The phar­macy spend­ing trap

Kapiti Observer - - CONVERSATIONS - ROB STOCK MONEY MAT­TERS rob.stock@fair­fax­me­

Phar­ma­cies are among the worst up-sell­ers in retail.

Their shelves should be packed with pills, cap­sules and creams backed by med­i­cal sci­ence, not purse-de­plet­ing place­bos, un­needed multi-vi­ta­mins, and herbal ex­tracts sci­ence has not proven ben­e­fi­cial.

I was, I ad­mit, grumpy when these thoughts passed through my fogged brain.

I had the flu, which had turned into a lung in­fec­tion. I was wait­ing for my an­tibi­otics and steroids so I could go home and suf­fer in peace.

I didn’t de­serve my suf­fer­ing. I’d had a flu shot.

In a phar­macy most of the good stuff is be­hind the phar­ma­cist’s counter.

These are the medicines that have passed through rig­or­ous test­ing, and are pre­scribed by doc­tors.

But phar­macy shelves are filled with stuff no self-re­spect­ing clin­i­cian would en­dorse. These are the prod­ucts for un­qual­i­fied


Make ‘‘rea­son’’ your guide Buy veges not pills ‘Pro­mote’ your wealth self-pre­scribers and the wor­ried well.

Some were sold un­der guiltin­duc­ing signs pos­ing ques­tions like: ’’Could you be do­ing more to pro­tect your fam­ily’s health this win­ter?’’

Other pills and elixirs were sold with claims they ‘‘pro­moted’’ or ‘‘sup­ported’’ fam­ily health.

These non-spe­cific claims won’t get their mak­ers into trou­ble un­der the Fair Trad­ing Act, or the Medicines Act, but if those are the best claims the mak­ers can make, I say keep your money in your wal­let.

Pseudo-medicines are costly. It’d be easy to get a $50 a month pill and ex­tract habit, or spend $60 get­ting ‘‘sup­port’’ to beat a cold.

Med­i­cal sci­ence has con­cluded most peo­ple don’t ben­e­fit from vi­ta­min sup­ple­ments, though there are some sit­u­a­tions when your doc­tor may rec­om­mend them.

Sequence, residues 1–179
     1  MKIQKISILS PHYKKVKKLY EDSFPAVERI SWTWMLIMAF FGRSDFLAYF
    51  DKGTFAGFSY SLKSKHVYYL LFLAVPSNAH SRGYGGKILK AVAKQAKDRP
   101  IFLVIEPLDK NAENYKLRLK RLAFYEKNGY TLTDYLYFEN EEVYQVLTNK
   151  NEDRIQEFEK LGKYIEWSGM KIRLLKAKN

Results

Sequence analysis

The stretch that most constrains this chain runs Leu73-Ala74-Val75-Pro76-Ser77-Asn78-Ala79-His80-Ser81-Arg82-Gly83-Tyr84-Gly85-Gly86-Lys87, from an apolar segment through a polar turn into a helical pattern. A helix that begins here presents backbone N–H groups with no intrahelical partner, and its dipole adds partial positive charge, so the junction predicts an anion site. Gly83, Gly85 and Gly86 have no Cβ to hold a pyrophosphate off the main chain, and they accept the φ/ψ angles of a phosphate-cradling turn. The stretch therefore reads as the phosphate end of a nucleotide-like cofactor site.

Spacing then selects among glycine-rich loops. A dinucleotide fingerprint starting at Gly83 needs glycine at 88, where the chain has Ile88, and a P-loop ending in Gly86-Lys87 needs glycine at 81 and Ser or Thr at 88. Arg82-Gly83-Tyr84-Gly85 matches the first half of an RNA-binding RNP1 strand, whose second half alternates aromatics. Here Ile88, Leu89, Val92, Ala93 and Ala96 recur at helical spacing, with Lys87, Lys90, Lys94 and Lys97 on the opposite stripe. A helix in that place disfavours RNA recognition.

Gen­er­ally, they are a waste of your money, as are many of the ‘‘su­per foods’’ and ex­pen­sive di­ets that get pro­moted.

Aus­tralian pro­fes­sor of medicine Mer­lin Thomas has just pub­lished The Longevity List, a book de­signed to show peo­ple how to live a long and healthy life.

His con­clu­sion is su­per­food fads are ‘‘mostly a mar­ket­ing ploy’’ and ‘‘those who take vi­ta­mins and other nu­tri­tional

‘‘Med­i­cal sci­ence has con­cluded most peo­ple don’t ben­e­fit from vi­ta­min sup­ple­ments.’’

sup­ple­ments of­ten end up with worse health out­comes than those who do not.’’

My read­ing of the pro­fes­sor’s longevity list is this: Eat some cho­co­late, keep your diet sen­si­ble and low on pro­cessed food, sleep well, ex­er­cise, spend time out of doors, don’t smoke, stay off drugs, main­tain a sen­si­ble weight, seek out love, and be mod­er­ate with the booze.

The great thing about that pre­scrip­tion is all the stuff you can save money on- su­per­foods, di­ets, vi­ta­mins sup­ple­ments, fags, il­le­gal drugs, snack-food and soft drinks.

Far from ru­in­ing your life, avoid­ing this junk will make it bet­ter, longer, health­ier and cheaper.

You’ll also need much less doc­tor-pre­scribed medicine.

Back to the phar­macy. Just as the sen­si­ble shop­per ig­nores the con­fec­tionary and soft drink aisles at the su­per­mar­ket, so too can they ig­nore most of what’s on phar­ma­cies’ shelves.

In­stead, they can keep their money in their pocket where it will ‘‘pro­mote’’ their wealth, not ‘‘sup­port’’ some­one else’s.

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